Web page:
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It was one of those weeks. Weighed down with worry, I was so tired and discouraged I could hardly move. It was all I could do to drag myself from one day to the next. Finally I decided to list all my concerns on paper. I hoped if I wrote them down, perhaps I could put them down.

I almost ran out of paper.

My “list of burdens” covered everything from the significant to the superficial. I worried about my friend battling cancer; I fretted over bad hair days. And in between was everything else: health, family, money, schedules.

My heavy load lightened the minute I put down the pen.

But soon enough, that list just grew right back. Theme with variations. “Should I call the doctor about Elizabeth’s swollen eyelid? Is Katherine enjoying her history trip? How many more miles can I expect from my ten-year-old car?” And the annual summer-is-almost-upon-us question: “What will I do with my kids for three months?”

Every day brought fresh troubles of its own; instinctively I shouldered each new burden. Before long I was right back where I started—tired, discouraged and hardly able to move.

If I really want to get rid of my burdens, I can’t just list them.

I must cast them.

And that takes a lot more effort than just a pen-and-paper exercise.

The psalmist instructs us to “cast [our] burdens on the Lord” (Psalm 55:22), in much the same way fishermen cast their nets into the water (Matthew 4:18). The Old Testament word comes from the Hebrew shalak, which means “to throw out, hurl or fling.”  Matthew uses a similar term when describing the actions of fishermen and future disciples Simon and Andrew: the Greek word ballō, meaning “to throw or let go of a thing without caring where it falls.”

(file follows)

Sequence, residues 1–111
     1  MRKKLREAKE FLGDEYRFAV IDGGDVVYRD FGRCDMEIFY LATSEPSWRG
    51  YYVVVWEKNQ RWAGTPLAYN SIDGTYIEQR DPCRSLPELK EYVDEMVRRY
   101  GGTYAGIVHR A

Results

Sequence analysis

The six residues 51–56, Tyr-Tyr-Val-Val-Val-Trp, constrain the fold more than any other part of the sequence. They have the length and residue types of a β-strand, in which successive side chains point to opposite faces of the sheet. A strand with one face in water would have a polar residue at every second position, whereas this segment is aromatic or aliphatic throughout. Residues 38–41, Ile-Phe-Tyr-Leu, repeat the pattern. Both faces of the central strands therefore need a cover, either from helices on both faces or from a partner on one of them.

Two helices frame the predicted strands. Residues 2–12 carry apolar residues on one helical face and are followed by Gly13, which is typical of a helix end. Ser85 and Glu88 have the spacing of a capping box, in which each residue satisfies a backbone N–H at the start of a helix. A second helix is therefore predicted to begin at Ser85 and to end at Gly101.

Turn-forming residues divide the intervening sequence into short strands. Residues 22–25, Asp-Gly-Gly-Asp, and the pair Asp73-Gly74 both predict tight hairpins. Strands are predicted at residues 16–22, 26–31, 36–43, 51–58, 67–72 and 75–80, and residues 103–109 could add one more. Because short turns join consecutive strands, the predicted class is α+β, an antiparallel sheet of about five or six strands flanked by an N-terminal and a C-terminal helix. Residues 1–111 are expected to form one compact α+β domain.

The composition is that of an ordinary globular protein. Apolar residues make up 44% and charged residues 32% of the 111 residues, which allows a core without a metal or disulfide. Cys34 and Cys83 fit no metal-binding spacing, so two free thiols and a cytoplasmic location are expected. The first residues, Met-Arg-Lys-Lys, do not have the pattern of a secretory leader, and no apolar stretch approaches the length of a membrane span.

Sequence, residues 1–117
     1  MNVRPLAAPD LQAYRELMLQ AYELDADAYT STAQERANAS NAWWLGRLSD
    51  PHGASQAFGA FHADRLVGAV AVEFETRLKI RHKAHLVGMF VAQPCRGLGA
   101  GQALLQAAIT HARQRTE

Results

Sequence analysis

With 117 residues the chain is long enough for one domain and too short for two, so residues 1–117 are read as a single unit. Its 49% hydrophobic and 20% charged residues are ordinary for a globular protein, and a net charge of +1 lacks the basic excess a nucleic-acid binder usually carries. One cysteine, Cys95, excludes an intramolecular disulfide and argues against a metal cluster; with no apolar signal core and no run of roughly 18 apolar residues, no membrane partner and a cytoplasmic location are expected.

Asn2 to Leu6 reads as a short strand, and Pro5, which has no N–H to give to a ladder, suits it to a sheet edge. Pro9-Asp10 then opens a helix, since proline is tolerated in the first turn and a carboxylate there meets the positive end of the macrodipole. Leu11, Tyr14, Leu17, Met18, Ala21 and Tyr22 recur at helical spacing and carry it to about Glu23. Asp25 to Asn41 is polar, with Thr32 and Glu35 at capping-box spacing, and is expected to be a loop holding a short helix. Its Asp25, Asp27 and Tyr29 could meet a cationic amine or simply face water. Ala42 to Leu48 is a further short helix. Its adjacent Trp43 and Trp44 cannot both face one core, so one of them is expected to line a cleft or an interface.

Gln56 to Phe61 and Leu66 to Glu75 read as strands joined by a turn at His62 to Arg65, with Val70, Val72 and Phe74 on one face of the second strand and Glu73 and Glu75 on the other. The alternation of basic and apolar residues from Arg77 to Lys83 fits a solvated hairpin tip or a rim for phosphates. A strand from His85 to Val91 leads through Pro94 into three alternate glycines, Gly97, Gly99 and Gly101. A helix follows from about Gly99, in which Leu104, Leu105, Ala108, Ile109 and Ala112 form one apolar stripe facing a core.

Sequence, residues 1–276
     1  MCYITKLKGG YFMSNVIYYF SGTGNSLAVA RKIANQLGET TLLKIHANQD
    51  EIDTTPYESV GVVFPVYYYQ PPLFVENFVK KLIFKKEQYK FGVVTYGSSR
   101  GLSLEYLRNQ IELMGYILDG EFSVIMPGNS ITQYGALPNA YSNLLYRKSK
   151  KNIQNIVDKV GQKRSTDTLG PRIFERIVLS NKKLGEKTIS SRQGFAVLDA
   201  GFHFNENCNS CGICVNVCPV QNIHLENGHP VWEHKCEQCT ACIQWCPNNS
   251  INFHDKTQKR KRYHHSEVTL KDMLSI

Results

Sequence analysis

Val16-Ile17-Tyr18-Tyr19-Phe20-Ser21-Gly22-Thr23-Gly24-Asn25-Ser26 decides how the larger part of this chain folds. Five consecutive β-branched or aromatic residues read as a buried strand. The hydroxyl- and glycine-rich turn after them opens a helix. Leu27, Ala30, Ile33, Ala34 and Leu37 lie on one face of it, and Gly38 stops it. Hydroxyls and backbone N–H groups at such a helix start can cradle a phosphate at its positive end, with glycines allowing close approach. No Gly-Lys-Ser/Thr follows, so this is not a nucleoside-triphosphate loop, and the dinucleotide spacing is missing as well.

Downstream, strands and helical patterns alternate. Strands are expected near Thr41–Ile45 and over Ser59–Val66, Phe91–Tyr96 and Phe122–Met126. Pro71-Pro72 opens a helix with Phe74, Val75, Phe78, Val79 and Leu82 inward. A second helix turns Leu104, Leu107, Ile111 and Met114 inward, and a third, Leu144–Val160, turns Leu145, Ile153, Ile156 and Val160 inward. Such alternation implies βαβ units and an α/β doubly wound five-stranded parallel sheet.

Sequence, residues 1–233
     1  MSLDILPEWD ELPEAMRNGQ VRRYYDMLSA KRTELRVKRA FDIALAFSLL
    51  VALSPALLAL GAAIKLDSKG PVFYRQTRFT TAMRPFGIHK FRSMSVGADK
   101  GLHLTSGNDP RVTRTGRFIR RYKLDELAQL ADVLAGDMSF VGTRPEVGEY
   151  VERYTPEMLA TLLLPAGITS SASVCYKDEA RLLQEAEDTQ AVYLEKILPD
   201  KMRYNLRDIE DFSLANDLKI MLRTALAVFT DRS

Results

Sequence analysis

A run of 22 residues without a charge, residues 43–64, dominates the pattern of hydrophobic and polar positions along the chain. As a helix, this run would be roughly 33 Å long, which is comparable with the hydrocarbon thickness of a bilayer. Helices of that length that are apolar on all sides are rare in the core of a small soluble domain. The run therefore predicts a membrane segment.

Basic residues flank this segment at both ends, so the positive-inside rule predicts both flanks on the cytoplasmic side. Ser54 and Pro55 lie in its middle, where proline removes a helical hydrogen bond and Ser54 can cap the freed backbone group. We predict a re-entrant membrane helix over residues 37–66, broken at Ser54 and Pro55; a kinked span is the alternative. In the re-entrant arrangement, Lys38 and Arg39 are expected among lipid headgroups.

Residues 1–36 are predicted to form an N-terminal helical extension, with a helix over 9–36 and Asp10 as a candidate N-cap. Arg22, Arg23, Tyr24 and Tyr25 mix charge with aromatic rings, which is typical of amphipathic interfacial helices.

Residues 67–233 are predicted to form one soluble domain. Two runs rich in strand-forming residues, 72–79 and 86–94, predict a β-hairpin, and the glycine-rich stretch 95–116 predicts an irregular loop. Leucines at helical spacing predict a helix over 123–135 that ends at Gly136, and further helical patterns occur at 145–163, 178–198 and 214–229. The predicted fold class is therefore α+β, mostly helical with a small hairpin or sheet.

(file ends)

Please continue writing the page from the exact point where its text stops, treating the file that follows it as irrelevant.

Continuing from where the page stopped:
Picture these fishermen throwing their nets into the water, all day, every day. The nets would have been water-soaked and heavy. Sometimes they came back empty. It must have been tiring, even discouraging. But still they “threw without care.” Without worry.

These guys are my heroes.

After all, fishermen trusted their livelihood to something with no guarantees other than a lot of hard work.  It took tremendous strength and faith to keep going. Perseverance through uncertainty is an important trait for fishermen.

It is also essential for followers of Christ.

These days, it seems our nets are never empty. Every day they fill up with more questions, challenges, hurts and disappointments. The weight can wear us out. They become so big and bulky we don’t have the energy to lift them, much less fling them.

But disciples of Christ can be heroes, too.

We can take that last ounce of strength and faith and cast our burdens, trusting that God will take care of them. As Matthew Henry explains, “to cast our burden upon God is to stay ourselves on his providence and promise, and to be very easy in the assurance that all shall work for good. If we do so . . . he will sustain us, both support and supply us, will himself carry us in the arms of his power.”[i]

I don’t want to document my worries, but destroy them. Instead of filing them my way, I’ll fling them God’s way. I, too, will “throw without care,” assured I will draw back his promises and power.

I’m ready for a netful of blessings. How about you?

Cast your burden on the Lord [releasing the weight of it] and He will sustain you. Psalm 55:22 (Amplified Bible)

Casting the whole of your care [all your anxieties, all your worries, all your concerns, once and for all] on Him, for He cares for you affectionately and cares about you watchfully. 1 Peter 5:7 (Amplified Bible, emphasis added mine)

[i] Henry, Matthew, Commentary on Psalms 55. Blue Letter Bible, 2009.